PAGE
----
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INOX had accused PVR of interfering with its contracts with developer/owner of the properties at Amritsar and Mumbai.
A Division Bench of the Delhi High Court has set aside costs of Rupees Five lakh, as well as the finding of 'judicial adventurism’, against INOX Leisure Limited in its suit against a competitor, PVR Ltd. (INOX vs PVR)
The order was passed by a Bench of Justices Manmohan and Sanjeev Narula.
INOX had filed a suit before the Delhi High Court, seeking a direction to restrain PVR from interfering with its contracts with developer/owner of the properties at Amritsar and Mumbai, as well as all other existing contracts and contracts in future.
The suit was dismissed by a Single Judge Bench last month after it opined that there was no cause of action for relief as claimed against PVR and that the relief claimed by INOX on the ground of tortious inducement etc was barred by law.
Accordingly, costs of Rs 5 lakh was imposed on INOX for indulging in judicial adventurism.
Aggrieved by the order, INOX preferred an appeal before the Division Bench.
In view of the current adverse change in the business environment, INOX did not press the appeal on merits.
It, nonetheless, argued that the Single Judge's order had erroneously imposed costs when the concept of tortious inducement/interference with binding agreements was known to constitute a cause of action to file a suit for damages and/or injunction.
INOX stated that the finding that it indulged in ‘judicial adventurism’ was also erroneous as the expression was used in respect of judicial overreach by a judicial authority and the same could not be attributed to a litigant.
It was pointed out that the judgment relied upon by the Single Judge to hold that a suit for tortiuous inducement/interference was violative of Section 27 of the Contract Act was his own judgment which was pronounced after the order had been reserved in INOX's suit.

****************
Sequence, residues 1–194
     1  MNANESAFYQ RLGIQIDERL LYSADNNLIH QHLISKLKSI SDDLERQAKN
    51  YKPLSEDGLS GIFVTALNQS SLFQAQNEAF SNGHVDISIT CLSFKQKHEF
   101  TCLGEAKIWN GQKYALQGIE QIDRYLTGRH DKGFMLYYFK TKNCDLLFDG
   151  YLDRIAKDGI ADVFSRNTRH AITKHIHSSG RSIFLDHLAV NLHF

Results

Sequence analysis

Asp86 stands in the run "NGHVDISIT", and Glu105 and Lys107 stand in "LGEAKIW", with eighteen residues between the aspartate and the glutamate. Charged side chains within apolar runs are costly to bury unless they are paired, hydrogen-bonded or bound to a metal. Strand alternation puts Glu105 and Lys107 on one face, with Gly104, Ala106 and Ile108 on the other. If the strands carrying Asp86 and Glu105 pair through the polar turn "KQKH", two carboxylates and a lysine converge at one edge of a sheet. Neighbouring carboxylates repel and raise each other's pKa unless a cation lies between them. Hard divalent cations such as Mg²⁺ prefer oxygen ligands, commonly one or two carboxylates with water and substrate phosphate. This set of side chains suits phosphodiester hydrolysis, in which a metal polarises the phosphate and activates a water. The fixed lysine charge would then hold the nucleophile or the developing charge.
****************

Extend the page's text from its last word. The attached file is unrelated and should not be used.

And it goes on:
Further, a Division Bench in Amazon Seller Services Pvt. Ltd. Vs. Modicare Ltd. & Ors has already held that an action for tortious interference was a matter of evidence, INOX argued.
PVR, inter alia, stated that having taken a chance by filing the suit, INOX could not seek a waiver of cost as well as expunction of the ‘judicial adventurism’ remark.
After hearing the parties, the Court agreed with the contentions put forth by INOX and opined that although the plea of tortious inducement/interference with the binding agreement was not made out in the present case, yet the concept was well-known in law to constitute a cause of action to file a suit for damages/injunction.
It observed that the Single Judge did not dismiss the suit or reject the plaint on the ground of suppression of material facts and/or on the ground of existence of parallel or multiple proceedings on the same cause of action.
"Consequently, neither the finding of ‘judicial adventurism’ nor the imposition of costs is warranted in the present case", the Court concluded.
The appeal was accordingly disposed of in the above terms.
INOX was represented by Senior Advocate Amit Sibal with Advocates Sachin Mandlik, Aditya Ganju, Madhavam Sharma, Vinay Tripathi, Ambar Bhushan, Saksham Dhingra.
PVR was represented by Shardul Amarchand Mangaldas Advocates Ajit Warrier, Angad Kochhar, Devansh Agarwal.
Read the Order: